Reports: DNI1052146-DNI10: Synthesis of Metastable Solid State Materials Using Organometallic Reagents

Tyrel M. McQueen, PhD, Johns Hopkins University

Research conducted over the past funding period has involved two of the three major avenues described in the initial proposal: control of cation chemistry in Hollandite structures, and characterization of the reaction mechanisms. During the first year of the project, grant funds were used to support two Ph.D. students (each half time) and a summer undergraduate, and to purchase supplies for experiments. This research has resulted in the preparation of two new series of compounds, with two publications set for completion and submission in the near future.

Figure 1: Structure at T = 110 K of the only known 5d transition metal Hollandite, KIr4O8 (Ir = black, O = red, K = blue). The elongated atomic displacement parameter of potassium along the channel direction reflects the mobility of potassium in the structure, allowing for chemical deintercalation near room temperature.

In work with Hollandite-type materials, we verified our initial hypothesis that it is possible to control the electron count in the transition metal framework by low temperature reaction methods. After developing a robust high temperature synthesis of the parent compound KIr4O8 (Figure 1), which is non-trivial due to the volatility of potassium and iridium, we were able to systematically control the potassium content through oxidation in acetonitrile at room temperature, as demonstrated by the systematic change in lattice parameters (Figure 2). In all cases, we found, unexpectedly, that the reactions reached completion in times short enough to preclude a direct kinetic analysis.

Figure 2: Systematic control of potassium content in the Hollandite KIr4O8 through reactions at room temperature in acetonitrile.

To understand the mechanistic origin of the surprisingly rapid deintercalation of potassium, density functional theory calculations were performed to study the energy landscape of potassium ion motion in KIr4O8. The energy landscape along the channel is very shallow (Figure 3). Fitting a harmonic potential (black solid line) to the calculated values and solving for the vibrational energy levels (green lines) shows that multiple excited vibrational states, corresponding to significant (0.3 A) displacements of the potassium ions, are thermally accessible even at T = 110 K. This is consistent with the experimentally observed elongated atomic displacement parameter of potassium. It also explains the high degree of reactivity and fast kinetics at room temperature: diffusion of potassium ions to the surface of the particles is the rate limiting step in the deintercalation chemistry. The shallow potential indicates a significant ability for potassium to rattle in the structure and is consistent with a low barrier to potassium ion diffusion.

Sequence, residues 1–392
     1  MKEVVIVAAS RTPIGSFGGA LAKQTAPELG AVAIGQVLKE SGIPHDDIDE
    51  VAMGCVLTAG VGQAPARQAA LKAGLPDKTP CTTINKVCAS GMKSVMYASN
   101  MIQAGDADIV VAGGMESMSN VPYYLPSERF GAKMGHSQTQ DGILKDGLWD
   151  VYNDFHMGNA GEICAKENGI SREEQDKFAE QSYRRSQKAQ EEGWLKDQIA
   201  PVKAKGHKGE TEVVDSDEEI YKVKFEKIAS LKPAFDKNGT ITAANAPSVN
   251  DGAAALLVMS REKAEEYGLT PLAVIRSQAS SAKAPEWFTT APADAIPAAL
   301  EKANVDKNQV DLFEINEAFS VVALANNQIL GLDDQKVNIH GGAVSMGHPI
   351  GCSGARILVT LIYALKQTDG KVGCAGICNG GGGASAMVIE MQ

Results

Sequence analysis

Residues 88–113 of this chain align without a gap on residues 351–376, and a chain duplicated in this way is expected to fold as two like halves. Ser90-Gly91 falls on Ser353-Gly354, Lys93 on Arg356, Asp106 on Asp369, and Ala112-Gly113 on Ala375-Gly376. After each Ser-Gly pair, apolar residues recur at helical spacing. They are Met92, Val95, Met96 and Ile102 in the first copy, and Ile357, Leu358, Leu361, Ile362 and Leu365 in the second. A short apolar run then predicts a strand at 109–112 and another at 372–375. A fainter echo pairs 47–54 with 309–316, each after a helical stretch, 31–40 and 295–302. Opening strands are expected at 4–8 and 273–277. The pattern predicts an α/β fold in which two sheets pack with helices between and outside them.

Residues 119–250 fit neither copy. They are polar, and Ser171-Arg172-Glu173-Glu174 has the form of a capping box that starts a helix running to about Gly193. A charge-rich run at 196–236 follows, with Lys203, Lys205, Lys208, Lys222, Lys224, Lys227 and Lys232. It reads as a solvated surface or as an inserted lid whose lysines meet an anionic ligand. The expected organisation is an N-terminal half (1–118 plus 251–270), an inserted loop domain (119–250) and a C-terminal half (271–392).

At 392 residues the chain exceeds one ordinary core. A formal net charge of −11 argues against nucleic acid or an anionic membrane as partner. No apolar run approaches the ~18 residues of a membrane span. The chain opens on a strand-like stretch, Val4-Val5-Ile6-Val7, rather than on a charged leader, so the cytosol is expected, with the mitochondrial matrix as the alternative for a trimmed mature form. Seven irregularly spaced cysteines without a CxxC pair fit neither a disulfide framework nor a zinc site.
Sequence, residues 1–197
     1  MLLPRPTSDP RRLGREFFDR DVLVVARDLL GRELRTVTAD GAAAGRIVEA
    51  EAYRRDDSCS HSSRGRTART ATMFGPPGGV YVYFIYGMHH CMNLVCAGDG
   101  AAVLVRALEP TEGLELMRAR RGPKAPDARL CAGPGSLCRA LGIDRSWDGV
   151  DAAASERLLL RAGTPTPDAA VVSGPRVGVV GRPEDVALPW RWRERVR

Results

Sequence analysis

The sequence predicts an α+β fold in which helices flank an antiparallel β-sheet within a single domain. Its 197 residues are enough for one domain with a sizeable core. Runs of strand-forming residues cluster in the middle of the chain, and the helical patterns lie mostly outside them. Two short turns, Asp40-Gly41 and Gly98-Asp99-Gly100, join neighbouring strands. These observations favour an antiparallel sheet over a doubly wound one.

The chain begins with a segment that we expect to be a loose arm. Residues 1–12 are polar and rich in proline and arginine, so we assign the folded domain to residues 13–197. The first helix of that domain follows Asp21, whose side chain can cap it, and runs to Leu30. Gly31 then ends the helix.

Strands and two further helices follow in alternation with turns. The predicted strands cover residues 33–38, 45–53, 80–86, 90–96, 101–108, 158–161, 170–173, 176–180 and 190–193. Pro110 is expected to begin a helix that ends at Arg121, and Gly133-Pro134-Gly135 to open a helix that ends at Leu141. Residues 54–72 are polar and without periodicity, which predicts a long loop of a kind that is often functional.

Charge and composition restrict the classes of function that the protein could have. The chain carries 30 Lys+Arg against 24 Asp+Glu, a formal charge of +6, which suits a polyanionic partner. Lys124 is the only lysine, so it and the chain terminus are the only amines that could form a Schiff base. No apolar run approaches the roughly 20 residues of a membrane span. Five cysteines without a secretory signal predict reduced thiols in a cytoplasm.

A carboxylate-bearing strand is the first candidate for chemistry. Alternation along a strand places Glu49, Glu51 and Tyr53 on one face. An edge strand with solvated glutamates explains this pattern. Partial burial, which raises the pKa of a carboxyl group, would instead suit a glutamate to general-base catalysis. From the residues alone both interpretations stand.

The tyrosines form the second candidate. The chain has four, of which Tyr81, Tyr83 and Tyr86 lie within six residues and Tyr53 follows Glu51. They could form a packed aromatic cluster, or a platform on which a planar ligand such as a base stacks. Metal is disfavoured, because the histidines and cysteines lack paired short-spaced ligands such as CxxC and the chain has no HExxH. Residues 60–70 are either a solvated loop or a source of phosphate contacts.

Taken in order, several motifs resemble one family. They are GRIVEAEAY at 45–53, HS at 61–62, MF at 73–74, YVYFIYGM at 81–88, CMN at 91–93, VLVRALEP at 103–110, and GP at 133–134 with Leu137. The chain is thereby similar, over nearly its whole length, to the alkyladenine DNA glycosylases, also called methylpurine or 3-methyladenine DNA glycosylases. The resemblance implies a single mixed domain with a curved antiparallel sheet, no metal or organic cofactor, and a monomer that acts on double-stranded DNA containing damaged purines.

Figure 3: Calculated energy landscape for potassium ion motion in the Hollandite KIr4O8. These results explain the high reactivity at room temperature.

We have come up with a simple structural model, based on a competition between local charge neutrality (bond valence) and electron-electron repulsion (atom size) that explains this feature in KIr4O8, which is common to many Hollandite materials. We are now exploring whether it is possible to use this insight to predict what other low temperature solid state reactions will be possible. For example, it is desirable to prepare these Hollandites with a formal iridium oxidation state closer to 3+ than what is possible with potassium in the channels (3.75+). We have found that subsequent insertion of barium using a barium-benzophenone adduct in tetrahydrofuran, which should allow accessing formal iridium oxidation states closer to 3.5+, is possible (not shown), and will be investigated in detail in the coming year.

Support from the PRF has enabled our young group to generate initial results worthy of publication. This early research is expected to make future grant applications more competitive; we have had significant recent success in obtaining public and private funds, including an NSF-CAREER award and a Packard fellowship for science and engineering. In addition, students have been exposed to synthetic solid state chemistry techniques and have gained familiarity with diffraction methods and electrical and magnetic property measurements, all of which are important skill sets for their future careers. Work in progress includes several avenues of exploration: (1) following up on the insertion chemistry of barium (and other alkali earths) into the Hollandite structure; (2) continued development of spectroscopic methods to probe the rate limiting steps of solid state intercalation and deintercalation reactions; and (3) applying the insight of the competition of local energetic factors to selectively remove alkali or alkali earth ions from a single structure (dependent on reaction conditions, so we have complete chemical control), and replacing the ions using organometallic insertion reagents.